Minimize the Impact of Extreme Weather on Your Landscape

Published Aug 01, 2023

We have been experiencing extreme weather, which we anticipate will continue. Whether it’s record-breaking heat or strong winds and downpours that accompany our monsoon storms, it’s important to take extra precautions with your landscape to better ensure your plants survive and thrive.

Here are a few basic guidelines to protect plants and trees while increasing watering efficiency.

Give Your Plants a Break
With the stress of intense heat, it's best to give your plants some space.

In other words, avoid planting, pruning, shearing, and even light trimming when the temperatures are high. Additionally, you should avoid using chemicals, including fertilizer. These activities make your plants more sensitive to the heat and sun and could cause them to take up more water to repair damage and manage the added stress.

If you have potted plants, consider relocating them to a cooler and shadier spot in your yard, keeping the pot and rootball out of the direct afternoon sun. 

Water Deeper but Infrequently
Excessive heat can harm trees and shrubs, especially young ones that have not had time to grow strong roots. So closely monitor all your plants and trees, even established ones, for signs of stress.

When your plants do need supplemental watering, simply increase the watering time so the water can soak deep into the soil—no need to add an extra day. In the extreme summer heat, watering your plants more often is tempting, but shrubs and trees do not need to be watered more than twice a week once established. Deep infrequent watering encourages strong, healthy root systems that can better tolerate intense heat and periods of drought.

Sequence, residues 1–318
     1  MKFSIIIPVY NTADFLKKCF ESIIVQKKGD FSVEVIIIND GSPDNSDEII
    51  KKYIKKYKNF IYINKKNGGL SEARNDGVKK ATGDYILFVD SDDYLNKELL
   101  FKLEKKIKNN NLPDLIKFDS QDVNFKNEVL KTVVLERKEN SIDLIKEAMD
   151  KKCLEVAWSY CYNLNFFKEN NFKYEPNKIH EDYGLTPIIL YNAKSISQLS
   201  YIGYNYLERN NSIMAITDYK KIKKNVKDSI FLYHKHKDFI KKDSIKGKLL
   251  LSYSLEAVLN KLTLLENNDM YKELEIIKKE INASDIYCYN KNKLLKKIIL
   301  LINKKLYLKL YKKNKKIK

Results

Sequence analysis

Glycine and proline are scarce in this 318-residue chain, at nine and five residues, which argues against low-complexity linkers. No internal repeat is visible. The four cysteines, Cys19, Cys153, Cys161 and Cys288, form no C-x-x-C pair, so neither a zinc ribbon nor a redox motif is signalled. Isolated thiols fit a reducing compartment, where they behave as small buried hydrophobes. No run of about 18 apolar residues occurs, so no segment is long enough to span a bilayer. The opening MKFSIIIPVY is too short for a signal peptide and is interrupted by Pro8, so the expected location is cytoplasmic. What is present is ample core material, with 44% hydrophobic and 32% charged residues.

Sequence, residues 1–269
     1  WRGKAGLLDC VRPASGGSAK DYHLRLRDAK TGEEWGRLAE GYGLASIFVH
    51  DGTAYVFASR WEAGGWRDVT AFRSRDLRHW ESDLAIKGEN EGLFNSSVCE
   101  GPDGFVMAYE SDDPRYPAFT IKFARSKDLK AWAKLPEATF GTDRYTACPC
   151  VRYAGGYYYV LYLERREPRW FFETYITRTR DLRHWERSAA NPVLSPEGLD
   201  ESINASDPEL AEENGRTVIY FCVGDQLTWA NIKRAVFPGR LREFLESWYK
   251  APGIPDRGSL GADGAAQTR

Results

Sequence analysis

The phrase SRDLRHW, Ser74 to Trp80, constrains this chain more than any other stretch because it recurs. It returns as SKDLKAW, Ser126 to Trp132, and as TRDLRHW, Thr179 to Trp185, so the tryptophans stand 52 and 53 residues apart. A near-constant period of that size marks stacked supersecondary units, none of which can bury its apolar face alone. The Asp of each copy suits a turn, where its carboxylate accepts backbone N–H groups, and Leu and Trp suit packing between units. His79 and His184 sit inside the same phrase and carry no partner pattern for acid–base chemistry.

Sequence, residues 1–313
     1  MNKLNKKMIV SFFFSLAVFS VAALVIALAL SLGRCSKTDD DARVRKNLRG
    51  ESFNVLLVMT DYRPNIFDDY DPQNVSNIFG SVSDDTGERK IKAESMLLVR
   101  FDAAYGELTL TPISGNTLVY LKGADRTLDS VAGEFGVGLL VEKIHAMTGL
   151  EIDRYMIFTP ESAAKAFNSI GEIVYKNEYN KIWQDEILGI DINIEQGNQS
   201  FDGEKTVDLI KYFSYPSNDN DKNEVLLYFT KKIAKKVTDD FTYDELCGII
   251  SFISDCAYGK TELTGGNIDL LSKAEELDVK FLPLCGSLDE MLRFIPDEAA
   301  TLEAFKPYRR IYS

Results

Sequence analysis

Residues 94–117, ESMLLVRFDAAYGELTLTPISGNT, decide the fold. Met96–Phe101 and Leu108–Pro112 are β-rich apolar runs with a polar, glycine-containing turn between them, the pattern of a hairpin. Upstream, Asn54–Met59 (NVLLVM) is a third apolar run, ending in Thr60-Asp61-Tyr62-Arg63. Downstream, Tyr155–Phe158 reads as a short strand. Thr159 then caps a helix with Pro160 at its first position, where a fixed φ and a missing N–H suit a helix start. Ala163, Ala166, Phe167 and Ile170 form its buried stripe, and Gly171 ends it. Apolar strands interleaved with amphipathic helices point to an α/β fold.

Watering at the correct time is also vital to ensuring healthier plants and less water waste in the hottest months. Make sure you are not watering during the sunniest and hottest hours of the day when water will simply evaporate; instead, aim to water early in the morning - one to three hours before sunrise.

And, when we get monsoon activity, turn off your irrigation for a few days. If you have a smart irrigation timer, it should automatically adjust.

Keep an Eye on Your Irrigation System
Another key element to keeping your plants healthy is ensuring your irrigation system is running correctly, especially when the weather intensifies in summer.

Your pipes, sprinkler heads, and drip lines are particularly susceptible to extreme weather. High temperatures, dust, and rain can clog, crack and break emitters and lines. In these situations, even when your reliable irrigation controller comes on, plants don't get watered, or gallons of wasted water can pool or run off your yard into the street. It's as simple as turning on your irrigation system and walking around to inspect that everything is working correctly. AMWUA's Smart Home Water Guide  can help.

Living in the desert, we understand that our summers can be challenging, so we must take the necessary precautions to help our plants and not harm them.

For additional landscape and watering information, visit our Conservation Webpage .

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For over 50 years, the Arizona Municipal Water Users Association has helped protect our member cities' ability to provide their communities with assured, safe, and sustainable water supplies. For more information, visit .